Migraine headband gains FDA approval
WASHINGTON – The Food and Drug Administration said Tuesday it approved a nerve-stimulating headband as the first medical device to prevent migraine headaches.
Agency officials said the device provides a new option for patients who cannot tolerate migraine medications.
The Cefaly device is a battery-powered plastic band worn across the forehead. Using an adhesive electrode, the band emits a low electrical current to stimulate nerves associated with migraine pain. Users may feel a tingling sensation on the skin where the electrode is applied. The device is designed to be used no more than 20 minutes a day by patients 18 years and older.
Cefaly is manufactured by Cefaly Technology of Belgium.
Men’s Wearhouse purchases Jos A. Bank
NEW YORK – It’s time to suit up: Men’s Wearhouse is buying Jos. A. Bank for $1.8 billion.
Men’s Wearhouse Inc. will pay $65 per share, a 5 percent premium to Jos. A. Bank Clothiers Inc.’s closing price Monday of $61.83.
The agreement ends a monthslong back-and-forth that began in October when Jos. A. Bank offered to buy its larger rival for $2.3 billion. Men’s Wearhouse scoffed at that offer and turned the tables, offering to buy its rival for $1.54 billion.
By early March, Men’s Wearhouse had an offer of $63.50 per share on the table but said it may raise the bid to $65 per share if some conditions were met.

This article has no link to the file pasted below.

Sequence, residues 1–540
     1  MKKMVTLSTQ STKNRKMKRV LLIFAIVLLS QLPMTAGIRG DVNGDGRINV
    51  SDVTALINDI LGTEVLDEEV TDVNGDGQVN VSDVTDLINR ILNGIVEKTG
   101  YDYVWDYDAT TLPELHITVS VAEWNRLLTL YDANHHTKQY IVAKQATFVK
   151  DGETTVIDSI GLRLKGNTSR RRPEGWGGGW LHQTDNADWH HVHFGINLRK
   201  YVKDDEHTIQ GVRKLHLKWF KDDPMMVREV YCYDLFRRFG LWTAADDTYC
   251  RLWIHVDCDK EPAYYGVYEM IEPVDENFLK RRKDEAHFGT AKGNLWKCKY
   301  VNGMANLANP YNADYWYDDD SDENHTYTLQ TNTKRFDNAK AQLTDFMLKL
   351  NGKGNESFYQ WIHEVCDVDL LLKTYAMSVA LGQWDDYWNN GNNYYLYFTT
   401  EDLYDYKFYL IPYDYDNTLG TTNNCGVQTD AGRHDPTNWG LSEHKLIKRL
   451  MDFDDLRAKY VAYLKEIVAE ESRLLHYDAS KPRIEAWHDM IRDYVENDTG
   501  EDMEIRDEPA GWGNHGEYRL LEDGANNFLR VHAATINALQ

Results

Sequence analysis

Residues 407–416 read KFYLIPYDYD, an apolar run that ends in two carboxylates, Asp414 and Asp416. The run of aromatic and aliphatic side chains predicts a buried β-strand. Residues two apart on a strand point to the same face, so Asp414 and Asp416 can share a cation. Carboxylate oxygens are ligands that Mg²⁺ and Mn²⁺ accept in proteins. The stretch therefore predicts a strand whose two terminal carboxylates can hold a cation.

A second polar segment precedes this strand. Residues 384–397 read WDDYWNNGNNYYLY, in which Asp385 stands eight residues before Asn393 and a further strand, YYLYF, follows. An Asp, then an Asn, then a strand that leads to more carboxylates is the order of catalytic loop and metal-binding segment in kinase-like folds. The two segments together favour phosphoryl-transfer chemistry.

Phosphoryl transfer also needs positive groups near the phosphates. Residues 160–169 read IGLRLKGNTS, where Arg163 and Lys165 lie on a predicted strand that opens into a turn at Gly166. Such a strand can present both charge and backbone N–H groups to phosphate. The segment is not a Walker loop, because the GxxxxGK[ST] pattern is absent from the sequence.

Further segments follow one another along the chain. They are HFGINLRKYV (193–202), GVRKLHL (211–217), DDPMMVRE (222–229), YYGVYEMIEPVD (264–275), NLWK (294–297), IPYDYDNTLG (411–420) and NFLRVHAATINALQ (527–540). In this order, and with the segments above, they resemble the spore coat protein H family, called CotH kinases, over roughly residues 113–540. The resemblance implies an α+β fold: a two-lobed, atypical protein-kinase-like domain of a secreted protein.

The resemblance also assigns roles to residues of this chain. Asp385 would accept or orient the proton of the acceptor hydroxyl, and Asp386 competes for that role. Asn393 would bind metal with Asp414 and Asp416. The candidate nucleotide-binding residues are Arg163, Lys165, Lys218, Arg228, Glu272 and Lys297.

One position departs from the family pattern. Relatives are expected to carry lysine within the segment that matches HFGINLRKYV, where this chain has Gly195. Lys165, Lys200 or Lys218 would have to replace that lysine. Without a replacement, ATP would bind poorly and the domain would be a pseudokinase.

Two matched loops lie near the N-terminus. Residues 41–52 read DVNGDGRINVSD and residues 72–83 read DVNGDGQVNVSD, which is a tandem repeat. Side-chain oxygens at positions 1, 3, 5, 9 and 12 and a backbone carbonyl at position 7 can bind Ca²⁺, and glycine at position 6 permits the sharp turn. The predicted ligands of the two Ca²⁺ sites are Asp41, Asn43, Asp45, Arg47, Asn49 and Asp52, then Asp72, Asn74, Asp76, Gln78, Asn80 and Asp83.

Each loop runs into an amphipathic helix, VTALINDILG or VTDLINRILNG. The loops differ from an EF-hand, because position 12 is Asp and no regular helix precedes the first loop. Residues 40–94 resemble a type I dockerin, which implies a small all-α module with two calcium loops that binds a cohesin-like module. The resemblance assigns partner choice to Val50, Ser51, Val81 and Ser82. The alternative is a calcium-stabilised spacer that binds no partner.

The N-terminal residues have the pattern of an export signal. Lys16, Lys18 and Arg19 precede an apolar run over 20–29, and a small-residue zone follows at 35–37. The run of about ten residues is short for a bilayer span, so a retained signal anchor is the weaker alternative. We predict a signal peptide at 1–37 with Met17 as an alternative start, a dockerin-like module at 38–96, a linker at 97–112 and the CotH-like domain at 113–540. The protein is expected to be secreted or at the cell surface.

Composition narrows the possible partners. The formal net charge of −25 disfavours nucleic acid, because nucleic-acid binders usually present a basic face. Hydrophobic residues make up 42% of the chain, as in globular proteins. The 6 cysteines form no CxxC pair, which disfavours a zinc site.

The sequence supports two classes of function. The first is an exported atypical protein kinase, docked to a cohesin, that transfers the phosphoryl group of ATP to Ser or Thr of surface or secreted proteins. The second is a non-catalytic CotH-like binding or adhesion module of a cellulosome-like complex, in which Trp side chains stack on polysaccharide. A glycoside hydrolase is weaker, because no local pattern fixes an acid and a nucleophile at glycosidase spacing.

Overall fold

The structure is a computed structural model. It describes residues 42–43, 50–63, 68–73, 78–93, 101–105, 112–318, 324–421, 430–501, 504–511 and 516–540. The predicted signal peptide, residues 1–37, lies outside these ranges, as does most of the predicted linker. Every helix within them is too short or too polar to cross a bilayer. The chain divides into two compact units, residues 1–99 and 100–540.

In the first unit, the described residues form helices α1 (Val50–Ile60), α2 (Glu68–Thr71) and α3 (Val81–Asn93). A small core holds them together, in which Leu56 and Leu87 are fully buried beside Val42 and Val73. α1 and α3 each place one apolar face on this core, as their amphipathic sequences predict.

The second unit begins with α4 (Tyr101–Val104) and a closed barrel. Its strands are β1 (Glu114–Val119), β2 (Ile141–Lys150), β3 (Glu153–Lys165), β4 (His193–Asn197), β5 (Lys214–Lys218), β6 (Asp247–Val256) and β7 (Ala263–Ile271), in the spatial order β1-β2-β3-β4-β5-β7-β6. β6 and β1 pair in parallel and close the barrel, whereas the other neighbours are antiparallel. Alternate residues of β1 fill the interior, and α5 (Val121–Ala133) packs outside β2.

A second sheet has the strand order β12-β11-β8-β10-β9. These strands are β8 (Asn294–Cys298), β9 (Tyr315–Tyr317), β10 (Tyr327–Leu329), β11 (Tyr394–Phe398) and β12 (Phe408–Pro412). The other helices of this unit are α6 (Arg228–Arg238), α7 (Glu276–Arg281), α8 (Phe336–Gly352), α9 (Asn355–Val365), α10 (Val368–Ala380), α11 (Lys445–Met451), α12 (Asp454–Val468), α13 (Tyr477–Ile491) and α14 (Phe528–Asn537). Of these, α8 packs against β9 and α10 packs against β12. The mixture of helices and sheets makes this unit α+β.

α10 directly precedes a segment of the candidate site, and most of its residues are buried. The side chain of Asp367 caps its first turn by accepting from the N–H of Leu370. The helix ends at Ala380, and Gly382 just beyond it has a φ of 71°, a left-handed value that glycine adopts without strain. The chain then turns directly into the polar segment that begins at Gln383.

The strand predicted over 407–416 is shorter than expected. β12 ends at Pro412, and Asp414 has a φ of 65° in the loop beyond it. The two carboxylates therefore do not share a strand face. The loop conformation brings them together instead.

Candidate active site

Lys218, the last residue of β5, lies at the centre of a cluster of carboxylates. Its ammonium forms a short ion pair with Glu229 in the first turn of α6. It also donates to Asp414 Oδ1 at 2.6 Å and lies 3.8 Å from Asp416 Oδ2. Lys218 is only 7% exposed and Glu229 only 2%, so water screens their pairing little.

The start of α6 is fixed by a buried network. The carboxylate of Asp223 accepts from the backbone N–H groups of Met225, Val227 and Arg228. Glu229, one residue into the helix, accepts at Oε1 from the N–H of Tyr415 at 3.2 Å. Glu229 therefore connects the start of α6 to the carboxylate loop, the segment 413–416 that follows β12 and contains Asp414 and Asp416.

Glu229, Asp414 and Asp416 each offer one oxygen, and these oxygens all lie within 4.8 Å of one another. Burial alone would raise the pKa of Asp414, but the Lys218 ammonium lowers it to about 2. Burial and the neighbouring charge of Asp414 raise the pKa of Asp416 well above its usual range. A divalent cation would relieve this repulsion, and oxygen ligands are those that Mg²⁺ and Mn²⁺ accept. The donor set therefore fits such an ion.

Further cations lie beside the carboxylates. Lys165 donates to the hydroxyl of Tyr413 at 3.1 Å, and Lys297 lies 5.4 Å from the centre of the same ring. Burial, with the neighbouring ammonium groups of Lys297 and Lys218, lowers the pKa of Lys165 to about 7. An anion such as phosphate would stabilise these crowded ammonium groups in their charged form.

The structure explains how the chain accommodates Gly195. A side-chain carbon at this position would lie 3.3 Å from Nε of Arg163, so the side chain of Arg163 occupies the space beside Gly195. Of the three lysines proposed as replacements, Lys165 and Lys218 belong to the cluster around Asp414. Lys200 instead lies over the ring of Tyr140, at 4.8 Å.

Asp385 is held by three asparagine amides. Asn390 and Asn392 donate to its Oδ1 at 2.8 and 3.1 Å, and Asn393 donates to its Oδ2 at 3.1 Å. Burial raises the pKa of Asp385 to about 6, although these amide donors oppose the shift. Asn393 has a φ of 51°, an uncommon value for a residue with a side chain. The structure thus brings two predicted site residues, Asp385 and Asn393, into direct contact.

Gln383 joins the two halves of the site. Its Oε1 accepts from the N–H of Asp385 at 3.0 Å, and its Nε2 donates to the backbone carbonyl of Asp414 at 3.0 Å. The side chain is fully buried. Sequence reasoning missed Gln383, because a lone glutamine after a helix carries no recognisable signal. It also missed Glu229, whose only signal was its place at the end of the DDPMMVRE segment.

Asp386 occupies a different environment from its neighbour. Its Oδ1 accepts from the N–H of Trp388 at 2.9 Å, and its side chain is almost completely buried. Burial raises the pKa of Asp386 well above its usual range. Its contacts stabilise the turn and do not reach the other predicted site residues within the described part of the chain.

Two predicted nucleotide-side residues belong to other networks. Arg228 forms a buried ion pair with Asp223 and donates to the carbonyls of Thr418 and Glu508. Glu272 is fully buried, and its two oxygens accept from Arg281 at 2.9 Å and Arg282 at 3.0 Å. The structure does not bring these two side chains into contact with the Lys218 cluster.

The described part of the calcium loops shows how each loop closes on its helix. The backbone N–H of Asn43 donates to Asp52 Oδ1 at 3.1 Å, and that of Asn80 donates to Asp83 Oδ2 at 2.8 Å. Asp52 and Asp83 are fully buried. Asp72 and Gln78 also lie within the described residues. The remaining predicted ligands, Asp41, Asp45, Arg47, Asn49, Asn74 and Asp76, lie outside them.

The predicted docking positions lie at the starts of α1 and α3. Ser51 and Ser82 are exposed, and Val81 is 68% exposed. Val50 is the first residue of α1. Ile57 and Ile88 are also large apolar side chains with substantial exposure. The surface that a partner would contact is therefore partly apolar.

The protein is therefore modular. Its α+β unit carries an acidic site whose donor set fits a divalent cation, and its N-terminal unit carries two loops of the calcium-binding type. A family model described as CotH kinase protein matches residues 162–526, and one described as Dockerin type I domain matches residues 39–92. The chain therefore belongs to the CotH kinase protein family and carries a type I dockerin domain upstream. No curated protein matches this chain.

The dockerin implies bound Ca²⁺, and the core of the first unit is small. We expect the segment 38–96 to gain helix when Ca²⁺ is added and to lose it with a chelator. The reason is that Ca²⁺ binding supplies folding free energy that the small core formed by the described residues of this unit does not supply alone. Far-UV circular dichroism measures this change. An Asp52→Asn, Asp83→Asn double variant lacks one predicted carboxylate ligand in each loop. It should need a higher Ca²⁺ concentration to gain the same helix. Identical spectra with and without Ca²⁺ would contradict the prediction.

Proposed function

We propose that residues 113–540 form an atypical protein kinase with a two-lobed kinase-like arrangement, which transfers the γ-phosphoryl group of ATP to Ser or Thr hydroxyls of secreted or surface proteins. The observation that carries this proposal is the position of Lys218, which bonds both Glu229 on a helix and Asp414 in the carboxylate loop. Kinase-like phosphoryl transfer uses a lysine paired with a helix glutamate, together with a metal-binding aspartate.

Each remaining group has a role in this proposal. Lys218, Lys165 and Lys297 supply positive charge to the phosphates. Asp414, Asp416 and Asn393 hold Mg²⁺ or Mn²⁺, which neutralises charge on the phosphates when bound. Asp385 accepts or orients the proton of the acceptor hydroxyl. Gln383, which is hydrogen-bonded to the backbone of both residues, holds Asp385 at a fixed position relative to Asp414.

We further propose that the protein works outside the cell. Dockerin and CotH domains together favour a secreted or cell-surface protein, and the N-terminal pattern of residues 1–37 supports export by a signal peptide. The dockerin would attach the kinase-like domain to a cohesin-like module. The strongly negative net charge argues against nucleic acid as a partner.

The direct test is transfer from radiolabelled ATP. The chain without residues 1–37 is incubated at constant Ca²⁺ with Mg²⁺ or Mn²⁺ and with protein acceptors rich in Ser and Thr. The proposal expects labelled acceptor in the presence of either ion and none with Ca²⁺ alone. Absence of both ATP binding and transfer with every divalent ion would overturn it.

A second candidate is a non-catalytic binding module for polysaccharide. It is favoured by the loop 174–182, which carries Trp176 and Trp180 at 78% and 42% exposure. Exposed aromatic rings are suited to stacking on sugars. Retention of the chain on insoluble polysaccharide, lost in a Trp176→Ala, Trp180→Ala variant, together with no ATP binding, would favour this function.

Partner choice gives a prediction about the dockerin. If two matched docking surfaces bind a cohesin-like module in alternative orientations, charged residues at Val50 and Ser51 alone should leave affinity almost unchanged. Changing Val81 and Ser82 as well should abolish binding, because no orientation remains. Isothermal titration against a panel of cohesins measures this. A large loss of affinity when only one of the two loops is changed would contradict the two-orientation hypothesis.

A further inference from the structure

The combined company will be the fourth-biggest U.S. men’s clothing retailer with more than 1,700 U.S. stores and about $3.5 billion in sales.
The transaction is expected to close by the third quarter.
Hersman will lead safety organization
WASHINGTON – The chairman of the nation’s transportation accident investigations board is leaving to become the president and CEO of the National Safety Council.
Deborah Hersman said in a blog Tuesday that her nearly 10 years at the National Transportation Safety Board have been “a great ride,” but she is moving on to the second “dream job” of her career.
The 43-year-old Hersman was on-scene for more than 20 accident investigations, including the crash of an Asiana Airlines jet in San Francisco last July. She is particularly known for championing protections for children, including on planes.
Hersman said she came to Washington two decades ago believing “government can do important work on behalf of the citizens of this great country.”
GM delay on flaws under investigation
DETROIT – A person briefed on the matter says the Justice Department is investigating whether General Motors broke any laws with its slow response to a deadly problem with ignition switches on certain small cars.
The probe is being handled by the U.S. Attorney’s Office in New York, said the person, who asked not to be identified because the investigation is not public.
A Justice Department spokesman did not immediately return calls. GM would not comment.
GM already is facing investigations by Senate and House committees and the National Highway Traffic Safety Administration.
Last month GM announced the recall of 1.6 million older compact cars worldwide to replace ignition switches that can shut off the motor unexpectedly. GM says the problem is linked to 13 deaths.